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An evaluation of solid waste management practice at Carnival City, Brakpan

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dc.contributor.advisor Togo, M.
dc.contributor.advisor Semenya, Khomotso Pholose, Annah Motshwane 2019-12-05T10:26:18Z 2019-12-05T10:26:18Z 2019-03
dc.description.abstract Waste management is a global concern and landfill sites are facing a crisis of handling capacity. This is worsened by the fact that many consider landfilling as an environmentally responsible and cost-effective solution to waste disposal. Carnival City generates vast quantities of solid waste on a daily basis and most of it ends at the landfill, which it acknowledges that it’s a wastage of recoverable resources, hence its commitment of “zero-waste-to-landfills by 2022”. This study evaluated solid waste management practices at Carnival City Casino in Brakpan. Informed by an interpretive paradigm, qualitative methods including interviews, observations, photographs and document reviews were used to collect data. Based on abductive reasoning, the waste management hierarchy and the ISO 14001 standard were used as frameworks for recontextualising and presenting the collected data. The waste hierarchy sets out the preferred order of waste management practices, from the most favoured to the least preferred option. The effectiveness of current waste management practices is limited as Carnival City heavily depends on landfilling and implement waste minimisation, reuse, recycling and recovery on a small scale. Absence of a waste separation at source policy limits recycling activities significantly. The researcher noted the presence of some areas of conformity to South African legislation pertaining to waste management, international standards and Carnival City’s standard operating procedures, and some areas of good practice. The study showed that there is room for improving concerning Carnival City’s current waste management practices. It recommends that waste management training and awareness be undertaken on a continuous basis to improve current practices and ensure that more waste is diverted from landfill sites. Investment into waste to energy technologies should be considered to help Carnival City to meet Sun International’s commitment of “zero-waste-to-landfills by 2022”. Recycling must be maximised and its environmental and financial benefits be highlighted. The research recommends developing of a separation at source policy and its enforcement by the Environmental Committee as the absence of the documented procedures results in deviations from environmental objectives. Offenders who do not follow procedures should be duly punished. It also recommends that a disciplinary action and a fine be introduced for kitchens that will deviate from the policy. en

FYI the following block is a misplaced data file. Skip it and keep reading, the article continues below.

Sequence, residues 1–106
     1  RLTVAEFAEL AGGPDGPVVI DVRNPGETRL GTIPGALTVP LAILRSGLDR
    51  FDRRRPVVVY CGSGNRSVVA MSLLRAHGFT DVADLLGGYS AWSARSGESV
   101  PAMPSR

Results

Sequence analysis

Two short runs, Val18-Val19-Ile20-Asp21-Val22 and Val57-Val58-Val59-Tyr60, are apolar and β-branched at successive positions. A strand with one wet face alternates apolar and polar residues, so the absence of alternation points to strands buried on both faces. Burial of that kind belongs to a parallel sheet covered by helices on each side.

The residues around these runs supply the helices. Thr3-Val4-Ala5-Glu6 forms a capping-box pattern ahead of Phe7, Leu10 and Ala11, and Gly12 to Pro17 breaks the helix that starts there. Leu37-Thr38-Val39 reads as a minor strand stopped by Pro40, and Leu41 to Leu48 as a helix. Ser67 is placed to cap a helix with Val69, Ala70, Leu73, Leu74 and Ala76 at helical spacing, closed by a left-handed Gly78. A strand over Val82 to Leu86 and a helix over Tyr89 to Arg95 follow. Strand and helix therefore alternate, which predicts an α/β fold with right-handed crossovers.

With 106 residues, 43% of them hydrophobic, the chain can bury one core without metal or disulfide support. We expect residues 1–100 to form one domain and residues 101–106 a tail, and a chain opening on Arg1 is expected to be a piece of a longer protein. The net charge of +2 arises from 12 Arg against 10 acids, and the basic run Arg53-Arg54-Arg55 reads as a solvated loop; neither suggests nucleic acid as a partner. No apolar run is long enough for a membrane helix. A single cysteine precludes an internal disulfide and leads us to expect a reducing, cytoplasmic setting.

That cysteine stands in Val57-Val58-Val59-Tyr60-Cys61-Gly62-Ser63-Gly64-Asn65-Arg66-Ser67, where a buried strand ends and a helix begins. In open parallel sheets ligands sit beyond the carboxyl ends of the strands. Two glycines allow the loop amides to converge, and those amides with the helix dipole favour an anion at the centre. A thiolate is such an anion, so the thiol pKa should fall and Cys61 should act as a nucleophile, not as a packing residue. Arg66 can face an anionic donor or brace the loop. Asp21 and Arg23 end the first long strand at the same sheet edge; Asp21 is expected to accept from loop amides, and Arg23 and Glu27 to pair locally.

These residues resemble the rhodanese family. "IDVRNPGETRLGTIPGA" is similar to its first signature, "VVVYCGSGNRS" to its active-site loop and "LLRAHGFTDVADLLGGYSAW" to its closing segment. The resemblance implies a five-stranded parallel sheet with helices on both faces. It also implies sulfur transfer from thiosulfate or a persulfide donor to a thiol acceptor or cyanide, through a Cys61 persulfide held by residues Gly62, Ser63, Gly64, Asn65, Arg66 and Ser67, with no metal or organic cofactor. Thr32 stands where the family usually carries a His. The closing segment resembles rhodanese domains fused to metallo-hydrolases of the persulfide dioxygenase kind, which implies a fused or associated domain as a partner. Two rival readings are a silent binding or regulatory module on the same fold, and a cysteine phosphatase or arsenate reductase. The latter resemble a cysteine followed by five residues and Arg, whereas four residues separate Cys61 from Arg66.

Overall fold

dc.format.extent 1 online resource (xiii, 112 leaves) : color illustrations, color maps, color graphs en
dc.language.iso en en
dc.subject Waste management practices en
dc.subject Carnival City en
dc.subject Waste hierarchy en
dc.subject Waste separation at source en
dc.subject Reuse en
dc.subject Recycling en
dc.subject Waste disposal en
dc.subject Zero waste en
dc.subject Landfilling en
dc.subject Effectiveness en
dc.subject.ddc 628.440968225
dc.subject.lcsh Refuse and refuse disposal -- South Africa -- Brakpan en
dc.subject.lcsh Recycling (Waste, etc.) -- South Africa -- Brakpan en
dc.subject.lcsh Salvage (Waste, etc.) -- South Africa -- Brakpan en
dc.title An evaluation of solid waste management practice at Carnival City, Brakpan en
dc.type Dissertation en
dc.description.department Environmental Sciences en M. Sc. (Environmental Management) en

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